Posted: October 14, 2018 by Nazim in Uncategorized

This week’s episode covers Madison v. Alabama, and whether or not the 8th Amendment bars the execution of someone who lacks mental capacity, but first Brett and Nazim read the single greatest listener feedback we’ve ever received.  There’s no time stamp this week, because the intro is worth your time, and we’ll probably be making jokes about it until the end of time.

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This week’s episode covers Double Jeopardy, and specifically whether the Court will overturn the separate sovereigns doctrine in the upcoming case of Gamble v. U.S.  Brett and Nazim discuss recent Double Jeopardy decisions to see if this case is a secret plot by the government to expand Presidential power, or just strange bedfellows looking to change the law.  Law starts generally at (05:40).

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The Kavanaugh Appointment Episode

Posted: September 30, 2018 by Nazim in Uncategorized

Well hello there.  Considering that Congress has ruined our summer vacation, Brett and Nazim are here early to discuss “Second Best Brett” Kavanaugh’s calamity of an appointment before the Supreme Court.  The “law” starts at (03:07), and for the record, I wanted to call this episode “You Give Brett a Bad Name”.

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Dear contestants,

It wasn’t close. Austin took the lead early and never looked back. Sure, his December guesses were crap, and that confirms that the system is rigged, but his other scores are nuts. Seriously: we had psychiatrists, psychologists, and psychotherapists all examine his work, and he’s due for some sessions. Or drugs. Or both. We’d really prefer both. But congratulations for this achievement are due: amazing work, Austin!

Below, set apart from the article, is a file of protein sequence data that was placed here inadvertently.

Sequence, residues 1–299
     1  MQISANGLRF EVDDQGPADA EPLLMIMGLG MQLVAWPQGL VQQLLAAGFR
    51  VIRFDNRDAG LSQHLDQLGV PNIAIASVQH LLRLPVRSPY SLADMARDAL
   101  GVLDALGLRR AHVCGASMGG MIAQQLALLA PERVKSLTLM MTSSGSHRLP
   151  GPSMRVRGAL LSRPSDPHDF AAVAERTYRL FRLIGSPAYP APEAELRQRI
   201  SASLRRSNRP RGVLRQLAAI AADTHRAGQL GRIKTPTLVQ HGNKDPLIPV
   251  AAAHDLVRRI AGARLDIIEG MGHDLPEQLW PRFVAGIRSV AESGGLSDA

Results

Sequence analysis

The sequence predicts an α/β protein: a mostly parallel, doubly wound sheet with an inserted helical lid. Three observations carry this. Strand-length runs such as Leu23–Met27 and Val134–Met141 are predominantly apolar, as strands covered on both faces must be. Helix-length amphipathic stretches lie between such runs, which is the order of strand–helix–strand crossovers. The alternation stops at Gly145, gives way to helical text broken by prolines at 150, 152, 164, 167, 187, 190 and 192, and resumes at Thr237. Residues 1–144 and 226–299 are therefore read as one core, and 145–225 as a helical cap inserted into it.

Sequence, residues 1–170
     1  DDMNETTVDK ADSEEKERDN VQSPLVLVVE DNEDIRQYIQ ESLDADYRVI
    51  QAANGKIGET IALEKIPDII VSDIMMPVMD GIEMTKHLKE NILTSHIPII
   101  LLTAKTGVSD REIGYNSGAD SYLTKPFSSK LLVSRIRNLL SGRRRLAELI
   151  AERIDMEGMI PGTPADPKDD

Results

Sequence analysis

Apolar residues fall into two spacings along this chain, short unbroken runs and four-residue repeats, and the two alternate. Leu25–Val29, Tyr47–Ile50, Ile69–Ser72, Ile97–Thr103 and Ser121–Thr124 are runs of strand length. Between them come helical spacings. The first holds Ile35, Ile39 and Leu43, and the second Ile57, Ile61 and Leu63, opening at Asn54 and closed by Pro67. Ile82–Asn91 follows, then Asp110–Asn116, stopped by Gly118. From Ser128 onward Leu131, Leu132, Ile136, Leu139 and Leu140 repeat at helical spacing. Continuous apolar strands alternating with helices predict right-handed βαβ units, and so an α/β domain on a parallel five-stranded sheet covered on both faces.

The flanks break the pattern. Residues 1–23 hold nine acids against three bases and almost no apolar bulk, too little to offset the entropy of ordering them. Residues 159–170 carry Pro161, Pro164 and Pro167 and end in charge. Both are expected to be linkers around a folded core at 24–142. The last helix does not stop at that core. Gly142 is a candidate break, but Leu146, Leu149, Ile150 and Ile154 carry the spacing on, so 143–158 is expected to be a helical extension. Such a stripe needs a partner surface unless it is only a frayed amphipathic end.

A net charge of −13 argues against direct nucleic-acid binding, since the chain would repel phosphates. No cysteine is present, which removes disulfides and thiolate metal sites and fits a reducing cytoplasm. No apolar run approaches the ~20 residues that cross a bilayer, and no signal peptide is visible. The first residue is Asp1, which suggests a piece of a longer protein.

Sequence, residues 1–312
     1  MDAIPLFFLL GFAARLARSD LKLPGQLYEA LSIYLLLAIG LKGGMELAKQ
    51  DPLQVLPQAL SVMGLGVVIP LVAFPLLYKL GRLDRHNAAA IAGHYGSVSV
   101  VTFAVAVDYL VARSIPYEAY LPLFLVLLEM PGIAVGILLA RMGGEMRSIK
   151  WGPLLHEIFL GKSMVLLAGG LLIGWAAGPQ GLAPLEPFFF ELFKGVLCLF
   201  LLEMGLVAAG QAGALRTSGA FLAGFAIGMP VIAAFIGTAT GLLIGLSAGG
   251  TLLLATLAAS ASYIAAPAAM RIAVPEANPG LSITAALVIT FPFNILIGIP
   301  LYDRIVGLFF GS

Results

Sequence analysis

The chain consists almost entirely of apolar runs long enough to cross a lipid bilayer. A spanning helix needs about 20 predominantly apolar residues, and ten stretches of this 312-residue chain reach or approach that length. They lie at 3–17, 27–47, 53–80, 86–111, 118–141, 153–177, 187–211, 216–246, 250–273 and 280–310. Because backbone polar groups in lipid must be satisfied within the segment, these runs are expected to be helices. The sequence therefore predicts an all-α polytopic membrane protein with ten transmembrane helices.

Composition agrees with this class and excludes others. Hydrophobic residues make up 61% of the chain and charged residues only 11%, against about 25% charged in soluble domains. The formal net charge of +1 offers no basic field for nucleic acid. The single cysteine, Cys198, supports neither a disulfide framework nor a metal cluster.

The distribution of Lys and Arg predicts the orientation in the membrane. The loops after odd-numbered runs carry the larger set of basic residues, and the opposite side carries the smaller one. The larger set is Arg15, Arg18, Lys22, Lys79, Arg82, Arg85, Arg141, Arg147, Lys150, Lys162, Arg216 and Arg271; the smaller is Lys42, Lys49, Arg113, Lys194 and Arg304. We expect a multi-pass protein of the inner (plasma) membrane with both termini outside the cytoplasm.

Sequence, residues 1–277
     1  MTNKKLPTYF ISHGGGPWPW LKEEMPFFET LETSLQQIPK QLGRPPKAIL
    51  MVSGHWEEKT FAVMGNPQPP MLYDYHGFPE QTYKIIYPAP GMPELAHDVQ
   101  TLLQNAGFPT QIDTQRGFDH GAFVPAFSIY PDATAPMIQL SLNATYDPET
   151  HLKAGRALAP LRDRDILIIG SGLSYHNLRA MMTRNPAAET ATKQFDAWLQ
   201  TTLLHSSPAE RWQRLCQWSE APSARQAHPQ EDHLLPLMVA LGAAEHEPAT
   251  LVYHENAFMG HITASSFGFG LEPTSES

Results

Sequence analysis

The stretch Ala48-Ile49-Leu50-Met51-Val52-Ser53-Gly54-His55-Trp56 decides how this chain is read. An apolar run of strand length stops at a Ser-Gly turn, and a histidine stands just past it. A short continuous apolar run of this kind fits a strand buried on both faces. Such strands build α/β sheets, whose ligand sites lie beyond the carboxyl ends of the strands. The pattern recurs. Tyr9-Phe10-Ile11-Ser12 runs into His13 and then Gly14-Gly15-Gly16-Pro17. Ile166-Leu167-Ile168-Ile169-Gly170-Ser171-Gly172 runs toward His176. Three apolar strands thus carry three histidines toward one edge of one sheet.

Because he won two consecutive terms with such a staggering performance, we are naming future Fantasy leagues after this winner: this fall, we will open the Austin from LA SCOTUS Fantasy League. And, as the eponymous player, we still encourage Austin from LA, but he will not be eligible for the crown. It’s like those “named” professors: the next winner will be something along the lines of “Nazim, the Austin from LA 2018 SCOTUS Fantasy League winner.”

2017 Winners

There are others worth mentioning: Donkey Punch used some pretty solid data-driven strategy (he just plugged in what a website told him to plug in), and scored 215 points for January, when many of us didn’t do very well. Brett lost lost to Nazim by a huge, very big, not small margin. And some amazing players only played for one round. Cade-VA Beach, why didn’t you come back after the first round? Adam in Rochester got the top score for April, but flaked in March and May. And Blake from Florida was tied for second highest score for March, but missed three of the ballots.

Maybe it’s out fault. Maybe we’re being too defensive about our religious rights. Maybe I should just enjoy a sandwich, regardless of whether it’s cut in half or not. We’ll never know. However, thank you for playing, and thank you for listening and giving us your feedback.